Showing off my Harvest


I planted a garden this year. From seeds. And nearly every single seed I planted grew. I have 20 green bean plants, 18 tomato plants, 7 pots of basil, 2 pots of mint, and a pot of rosemary. The rosemary actually did the worst, I planted 3 pots and only got one to come up, and even then, only with a few sprigs. I do not have a green thumb, so this delights me. Plus, the squirrels and I are locked in an epic battle for my garden. First, they dug up the seeds I planted, and now that I managed to grow things, they are eating my green tomatoes. Behold, the first harvest from my garden:

To go along with my first harvest and the beautiful Alaskan sockeye salmon I picked up at the store that morning, I served a 2006 Erath Pinot Noir. My dad picked this up at Branford Wine and Spirits, it had a screw cap closure, and I see you can find it online for about $15. Sorry, didn’t note the alcohol content before I left for St. Louis.

The first thing I noted about the wine was the color. We sat outside to eat dinner and in the light the color of the wine seemed more like a very dark rose than a Pinot Noir. Though, it could just be that I’m used to a California style Pinot Noir. On the nose I found cherry, smoke, oak, spice, Coke, and raspberry. The nose was quite pleasant and promised good things from the glass. In the mouth I got sweet fruit, raspberry, cherry, strawberry, some spice, and a touch of a tannic feeling on the finish. On its own, the wine was a bit thin/watery, but as we sat outside and it warmed up a touch, it developed a nice body and went quite well with food. As it developed, I found coffee grounds, mocha, and tart cherry flavors in my glass.

Overall, this wine is best with food, and best as it warms up just a touch. For $15 a bottle, it certainly displays the varietal characteristics you would expect from a Pinot Noir, and for that price point, that’s not something you can say about many Pinot Noirs. I think you can see my garden in the background! Yes, it’s all growing in pots, we haven’t had time to build beds in our yard yet, but we will get there….our ground is solid clay and poor little plants do not even have a chance to grow in it, so pots had to suffice for this year. I will soon be rolling in more tomatoes than I know what to do with…each plant has at least 20 tomatoes on it!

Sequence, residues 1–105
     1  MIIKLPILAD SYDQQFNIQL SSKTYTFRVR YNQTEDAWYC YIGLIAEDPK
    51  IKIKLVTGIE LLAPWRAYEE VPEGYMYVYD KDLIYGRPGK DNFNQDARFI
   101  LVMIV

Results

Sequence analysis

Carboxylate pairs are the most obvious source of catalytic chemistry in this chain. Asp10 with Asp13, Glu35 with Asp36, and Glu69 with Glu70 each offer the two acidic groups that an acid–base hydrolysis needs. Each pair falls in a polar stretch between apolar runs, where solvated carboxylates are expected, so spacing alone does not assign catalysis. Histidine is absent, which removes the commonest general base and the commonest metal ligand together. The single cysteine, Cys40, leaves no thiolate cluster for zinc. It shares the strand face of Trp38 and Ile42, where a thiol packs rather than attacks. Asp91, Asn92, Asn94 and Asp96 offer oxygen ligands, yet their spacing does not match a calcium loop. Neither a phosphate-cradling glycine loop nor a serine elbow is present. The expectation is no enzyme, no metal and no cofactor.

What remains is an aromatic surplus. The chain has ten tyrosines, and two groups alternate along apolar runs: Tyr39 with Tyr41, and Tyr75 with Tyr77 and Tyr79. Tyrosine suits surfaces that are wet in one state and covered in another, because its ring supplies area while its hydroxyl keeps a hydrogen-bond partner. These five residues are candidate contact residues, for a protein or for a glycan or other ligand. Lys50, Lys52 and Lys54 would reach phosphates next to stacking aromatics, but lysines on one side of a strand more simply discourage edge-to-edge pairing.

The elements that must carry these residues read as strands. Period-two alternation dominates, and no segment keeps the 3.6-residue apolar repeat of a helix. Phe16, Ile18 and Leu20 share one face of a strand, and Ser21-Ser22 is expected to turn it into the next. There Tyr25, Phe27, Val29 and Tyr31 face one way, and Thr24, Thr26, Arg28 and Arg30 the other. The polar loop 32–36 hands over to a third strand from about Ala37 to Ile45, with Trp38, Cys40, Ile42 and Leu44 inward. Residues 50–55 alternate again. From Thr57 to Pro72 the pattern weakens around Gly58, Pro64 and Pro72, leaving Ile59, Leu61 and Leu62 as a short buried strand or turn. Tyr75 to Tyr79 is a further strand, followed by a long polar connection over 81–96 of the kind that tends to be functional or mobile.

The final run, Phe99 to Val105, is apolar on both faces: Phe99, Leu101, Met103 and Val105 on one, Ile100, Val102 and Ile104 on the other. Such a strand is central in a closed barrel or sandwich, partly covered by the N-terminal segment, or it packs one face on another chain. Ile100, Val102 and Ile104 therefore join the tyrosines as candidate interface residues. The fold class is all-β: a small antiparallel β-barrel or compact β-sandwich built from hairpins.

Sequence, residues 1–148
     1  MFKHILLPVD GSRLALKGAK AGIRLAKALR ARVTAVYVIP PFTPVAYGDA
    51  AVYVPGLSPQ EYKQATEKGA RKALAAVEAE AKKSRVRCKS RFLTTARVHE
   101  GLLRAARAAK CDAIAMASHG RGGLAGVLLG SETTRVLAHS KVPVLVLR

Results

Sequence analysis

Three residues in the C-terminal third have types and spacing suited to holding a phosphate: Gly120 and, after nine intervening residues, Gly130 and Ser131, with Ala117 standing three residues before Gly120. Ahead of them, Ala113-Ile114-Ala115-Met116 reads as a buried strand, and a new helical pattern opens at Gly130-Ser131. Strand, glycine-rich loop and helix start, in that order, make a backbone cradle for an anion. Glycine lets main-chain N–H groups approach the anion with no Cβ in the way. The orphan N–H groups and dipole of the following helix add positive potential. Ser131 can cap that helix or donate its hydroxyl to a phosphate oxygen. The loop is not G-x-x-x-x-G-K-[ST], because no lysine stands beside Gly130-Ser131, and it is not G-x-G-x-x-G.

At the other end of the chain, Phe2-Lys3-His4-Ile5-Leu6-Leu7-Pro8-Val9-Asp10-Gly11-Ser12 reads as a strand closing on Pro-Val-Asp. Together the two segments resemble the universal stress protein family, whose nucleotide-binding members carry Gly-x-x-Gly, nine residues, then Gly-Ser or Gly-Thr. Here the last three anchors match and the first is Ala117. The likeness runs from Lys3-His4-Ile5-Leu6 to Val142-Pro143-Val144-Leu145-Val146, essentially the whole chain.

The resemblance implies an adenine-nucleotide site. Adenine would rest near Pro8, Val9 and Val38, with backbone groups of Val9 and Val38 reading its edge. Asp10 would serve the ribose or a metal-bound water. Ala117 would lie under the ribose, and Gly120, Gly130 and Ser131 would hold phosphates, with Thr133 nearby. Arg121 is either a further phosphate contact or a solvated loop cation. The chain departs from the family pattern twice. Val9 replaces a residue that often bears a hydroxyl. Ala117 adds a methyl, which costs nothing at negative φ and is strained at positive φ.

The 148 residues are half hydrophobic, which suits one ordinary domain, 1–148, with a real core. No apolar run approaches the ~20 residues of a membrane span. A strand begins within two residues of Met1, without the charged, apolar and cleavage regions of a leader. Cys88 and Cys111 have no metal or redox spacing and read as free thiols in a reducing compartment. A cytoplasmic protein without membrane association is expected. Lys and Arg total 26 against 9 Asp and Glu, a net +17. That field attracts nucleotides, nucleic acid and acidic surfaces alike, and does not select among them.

PS-These pictures were all taken with my new camera, whadda ya think?

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8 Responses

  1. Beautiful outdoor shots.

    I have spent so much time at Erath in Oregon, it’s always a lovely time.

    The best part is they have a box of toys my kids can play with off to the side which lets me stay longer and spend more money. Only the smart wineries do this.

  2. your garden looks great and the beans look yummy!

  3. Way to go on the garden! The pictures look great. A new camera is always fun to play around with.

    Oh and the sockeye looks tasty too!

  4. looks like the new camera is in fine working order – excellent!

  5. Bud-man and I garden every year, but your garden makes me envious. Regarding the rosemary plant, we’ve grown ours to be around 4 feet in diameter and about 3 feet high. We did that by planting it in the ground, but we’re in Texas. You may want to try it…I think they’re pretty hearty.

    Also, I plan to search your site for a good Pinot Noir. I took one to a recent wine tasting party that was from Italy, and I guess it way good. I suppose I’m expecting something more like a Merlot, only sweeter. Am I mistaken?

  6. Thanks for all the comments!

    Boney, I wouldn’t really compare a Pinot Noir to a Merlot. It’s a lot more delicate in my mind than a Merlot, with leather, cherry, strawberry, spice, and earth being common flavors. I would say Merlot is fruitier (and often sweeter since many times it’s not made very well!).

  7. I’ll second the recommendation of putting your rosemary in ground. I keep one potted in the kitchen window. It grows but is eternally spindly. My plant in the garden is hearty and bushy, though it doesn’t always survive the Philly winters. Heavy snowfall seems to do it in.

    Your comment about the color of the Erath PN made me giggle, as I was just thinking that the rose you reviewed more recently looks more like a light-medium red than a pink wine.

  8. I think I will put it in the ground next year David. But first I have to build up garden boxes, as our “soil” is solid clay. Plants don’t stand a chance in it.

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